Additionally, some areas within the southwestern Portuguese coast (Sudoeste Alentejano and Vicentina Coast Natural Park) were also found to potentially harbour important habitats for meagre. Remarkably, in addition to the AR-type behaviour evidenced by some of the satellite-tagged individuals, we also registered the co-occurrence of up to 5 individuals with acoustic transmitters in one of the receivers deployed in the area (Aljezur), more than 150 km away from the tagging site. Moreover, some of these co-occurrences included animals tagged in different years. This finding (i.e., simultaneous detection of several tagged fish at a such large distance from the release site in the marine environment) is, to our knowledge, virtually unprecedented in fish biotelemetry studies and may hint the occurrence of large meagre schools in the area. Indeed, this region is known to support a large diversity of marine species due to a combination of a wide habitat diversity and localized upwelling, currently comprising an MPA that extends up to 2 km from the shoreline. Even though some of the satellite-tagged individuals were detected in the area during autumn and winter months (from September to February), most of the acoustic detections and co-occurrence events were registered between July and August, indicating that post-spawning fish may use this area as a feeding ground, and not only as a migrating route towards their overwintering grounds. Given that this region lacks the large estuarine environments typically associated with spawning activity in this species, it is unlikely that these fish are using the area for reproductive purposes.

Breeding philopatry

Given that our results do not support the hypothesis of limited adult meagre dispersal and exclude the presence of oceanographic barriers as a cause for the observed genetic isolation between western and southern populations, other mechanisms must be driving the high genetic differentiation in meagre. It is now widely accepted that philopatry and homing behaviours can drive significant population structuring in marine fish species, even at scales comparable to those of migrating birds and anadromous fishes [55]. Indeed, this type of seasonal movement strategy has already been described in several sciaenids. Red drum, Sciaenops ocellatus, for example, were found to consistently return to nearshore waters off their estuarine nursery for spawning [56]. Similarly, spotted seatrout Cynoscion nebulosus were reported to show high fidelity to spawning grounds [57]. Although the sample size and duration of the present study (mainly limited by the battery life of PSATs) preclude us from providing a definitive answer, our results suggest that meagre might exhibit a similar homing behaviour and that this predisposition may be one of the factors responsible for the degree of population structure observed in previous studies. Indeed, from the seven individuals monitored across two or more spawning seasons (PSAT and/or acoustically), six re-used the same areas and exhibited inter-seasonal habitat overlap during reproductive months. Fish #06 was the only one that was detected in two different areas during the spawning period, being detected inside the Tejo estuary in 2019 and in the Guadalquivir area in the subsequent year. This is not surprising considering inter-individual variability and the fact that in many other natal-homing species, not all fish exhibit spawning site fidelity (e.g., mark-recapture studies on Atlantic herring Clupea harengus estimate that only between 75% and 95% of the tagged individuals returned to the same spawning grounds; [58]). Simultaneously, it is possible that not all fish within a population conform to the same reproductive cycle, with some of the individuals not spawning every year. Indeed, alternated spawning has been reported at an increasing rate for iteroparous species and is believed to be more widespread than previously assumed [59, 60]. Given that only a fraction of the tagged individuals was successfully monitored across multiple consecutive seasons and that identifying precise spawning grounds of asynchronous batch spawner species is inherently difficult, these assumptions require further testing. Studies conducted on longer (interannual) time scales with more individuals or complementary methodologies (e.g., isotopic and elemental markers) could provide further insights into these important aspects of meagre’s reproductive ecology.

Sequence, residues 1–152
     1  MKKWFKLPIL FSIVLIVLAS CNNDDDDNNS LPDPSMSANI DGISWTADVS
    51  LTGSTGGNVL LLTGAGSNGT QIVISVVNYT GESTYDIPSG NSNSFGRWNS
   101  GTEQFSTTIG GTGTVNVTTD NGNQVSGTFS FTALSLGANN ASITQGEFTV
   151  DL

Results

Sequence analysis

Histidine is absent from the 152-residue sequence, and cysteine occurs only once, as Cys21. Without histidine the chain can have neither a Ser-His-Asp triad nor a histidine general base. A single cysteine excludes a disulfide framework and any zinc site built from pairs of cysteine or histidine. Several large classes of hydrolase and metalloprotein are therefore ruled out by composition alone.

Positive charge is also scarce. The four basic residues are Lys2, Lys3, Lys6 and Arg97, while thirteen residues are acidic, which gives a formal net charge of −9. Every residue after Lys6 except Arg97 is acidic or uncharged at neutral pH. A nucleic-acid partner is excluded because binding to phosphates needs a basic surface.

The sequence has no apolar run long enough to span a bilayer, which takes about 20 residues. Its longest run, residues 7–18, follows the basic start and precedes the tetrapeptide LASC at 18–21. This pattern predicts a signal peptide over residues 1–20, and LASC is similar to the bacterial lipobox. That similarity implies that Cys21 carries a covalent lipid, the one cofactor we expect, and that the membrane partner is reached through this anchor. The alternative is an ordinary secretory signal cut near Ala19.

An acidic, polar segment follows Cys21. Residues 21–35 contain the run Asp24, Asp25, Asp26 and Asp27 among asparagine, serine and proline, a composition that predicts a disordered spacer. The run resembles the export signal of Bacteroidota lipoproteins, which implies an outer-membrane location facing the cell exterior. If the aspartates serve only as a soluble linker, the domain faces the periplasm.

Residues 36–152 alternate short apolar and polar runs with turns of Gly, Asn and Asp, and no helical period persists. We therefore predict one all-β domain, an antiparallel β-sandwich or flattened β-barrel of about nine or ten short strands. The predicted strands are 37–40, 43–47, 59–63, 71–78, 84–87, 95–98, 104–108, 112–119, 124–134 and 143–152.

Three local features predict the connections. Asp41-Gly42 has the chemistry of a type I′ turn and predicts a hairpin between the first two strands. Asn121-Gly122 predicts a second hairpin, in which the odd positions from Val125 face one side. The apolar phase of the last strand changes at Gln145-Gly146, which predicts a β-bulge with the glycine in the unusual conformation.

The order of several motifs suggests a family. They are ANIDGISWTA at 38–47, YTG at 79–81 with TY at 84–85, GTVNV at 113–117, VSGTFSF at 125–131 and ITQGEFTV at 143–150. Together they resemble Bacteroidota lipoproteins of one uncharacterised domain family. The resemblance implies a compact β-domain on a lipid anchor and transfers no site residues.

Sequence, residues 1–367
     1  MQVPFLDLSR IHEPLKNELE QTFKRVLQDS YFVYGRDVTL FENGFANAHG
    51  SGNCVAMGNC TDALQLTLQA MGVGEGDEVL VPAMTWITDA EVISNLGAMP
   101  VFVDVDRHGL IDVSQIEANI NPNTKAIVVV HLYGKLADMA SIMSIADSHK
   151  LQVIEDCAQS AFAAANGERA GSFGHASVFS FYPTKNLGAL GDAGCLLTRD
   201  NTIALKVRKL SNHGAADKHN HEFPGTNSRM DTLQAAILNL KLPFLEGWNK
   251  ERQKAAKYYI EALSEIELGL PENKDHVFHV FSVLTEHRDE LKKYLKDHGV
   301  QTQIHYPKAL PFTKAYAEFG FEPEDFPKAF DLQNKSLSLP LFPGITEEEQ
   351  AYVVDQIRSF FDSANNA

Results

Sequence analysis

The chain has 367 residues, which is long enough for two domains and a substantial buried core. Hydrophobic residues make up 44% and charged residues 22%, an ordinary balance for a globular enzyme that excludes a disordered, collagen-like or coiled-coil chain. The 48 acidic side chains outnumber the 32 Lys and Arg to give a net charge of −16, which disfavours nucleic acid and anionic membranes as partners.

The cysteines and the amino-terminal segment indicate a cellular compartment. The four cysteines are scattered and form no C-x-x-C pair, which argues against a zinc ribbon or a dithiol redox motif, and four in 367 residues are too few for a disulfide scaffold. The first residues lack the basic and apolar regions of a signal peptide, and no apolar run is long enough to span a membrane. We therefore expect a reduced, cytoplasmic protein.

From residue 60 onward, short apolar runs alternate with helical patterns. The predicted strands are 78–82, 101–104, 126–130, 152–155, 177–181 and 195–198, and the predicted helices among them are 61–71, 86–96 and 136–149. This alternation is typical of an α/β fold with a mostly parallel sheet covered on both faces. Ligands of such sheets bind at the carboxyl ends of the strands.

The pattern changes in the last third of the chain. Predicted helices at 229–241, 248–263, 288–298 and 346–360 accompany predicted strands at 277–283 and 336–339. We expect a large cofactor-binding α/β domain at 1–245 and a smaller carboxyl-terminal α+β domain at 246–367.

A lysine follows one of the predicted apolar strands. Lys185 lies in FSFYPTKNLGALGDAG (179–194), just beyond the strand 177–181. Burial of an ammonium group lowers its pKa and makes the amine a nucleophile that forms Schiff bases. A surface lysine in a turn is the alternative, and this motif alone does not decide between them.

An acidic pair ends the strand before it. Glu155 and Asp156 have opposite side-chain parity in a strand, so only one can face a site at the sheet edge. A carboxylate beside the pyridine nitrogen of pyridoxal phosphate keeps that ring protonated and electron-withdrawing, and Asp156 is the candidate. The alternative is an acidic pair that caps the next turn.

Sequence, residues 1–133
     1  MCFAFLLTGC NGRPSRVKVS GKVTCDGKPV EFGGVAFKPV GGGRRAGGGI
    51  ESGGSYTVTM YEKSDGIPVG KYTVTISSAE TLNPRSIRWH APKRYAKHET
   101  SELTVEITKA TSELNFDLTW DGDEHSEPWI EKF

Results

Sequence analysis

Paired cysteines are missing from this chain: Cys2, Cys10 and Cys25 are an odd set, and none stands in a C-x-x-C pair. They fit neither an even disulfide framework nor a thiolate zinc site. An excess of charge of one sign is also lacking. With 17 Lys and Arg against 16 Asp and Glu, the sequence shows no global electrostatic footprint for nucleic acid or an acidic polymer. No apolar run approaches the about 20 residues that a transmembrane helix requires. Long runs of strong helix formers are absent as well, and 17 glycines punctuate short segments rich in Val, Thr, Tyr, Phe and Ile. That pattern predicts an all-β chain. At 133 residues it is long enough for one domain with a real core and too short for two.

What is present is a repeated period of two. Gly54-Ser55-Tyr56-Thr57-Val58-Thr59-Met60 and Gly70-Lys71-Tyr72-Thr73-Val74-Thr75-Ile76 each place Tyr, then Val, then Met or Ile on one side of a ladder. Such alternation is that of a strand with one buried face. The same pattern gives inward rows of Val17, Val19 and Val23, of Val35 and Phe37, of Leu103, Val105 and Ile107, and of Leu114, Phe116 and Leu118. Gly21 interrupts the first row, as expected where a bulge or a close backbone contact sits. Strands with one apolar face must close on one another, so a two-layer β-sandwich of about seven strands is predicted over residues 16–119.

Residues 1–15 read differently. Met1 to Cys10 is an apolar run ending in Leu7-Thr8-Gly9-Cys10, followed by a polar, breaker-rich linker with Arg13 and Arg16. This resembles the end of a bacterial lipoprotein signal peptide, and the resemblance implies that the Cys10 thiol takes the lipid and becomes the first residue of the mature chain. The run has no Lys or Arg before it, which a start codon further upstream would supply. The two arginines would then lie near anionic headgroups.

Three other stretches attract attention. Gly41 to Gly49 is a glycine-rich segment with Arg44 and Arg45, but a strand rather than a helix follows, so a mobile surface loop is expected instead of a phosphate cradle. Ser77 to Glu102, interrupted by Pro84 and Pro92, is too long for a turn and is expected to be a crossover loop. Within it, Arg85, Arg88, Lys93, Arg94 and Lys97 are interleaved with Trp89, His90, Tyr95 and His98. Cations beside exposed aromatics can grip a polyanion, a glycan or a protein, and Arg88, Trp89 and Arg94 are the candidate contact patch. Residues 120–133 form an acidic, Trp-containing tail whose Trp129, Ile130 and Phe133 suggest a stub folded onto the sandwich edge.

Fine-scale behaviour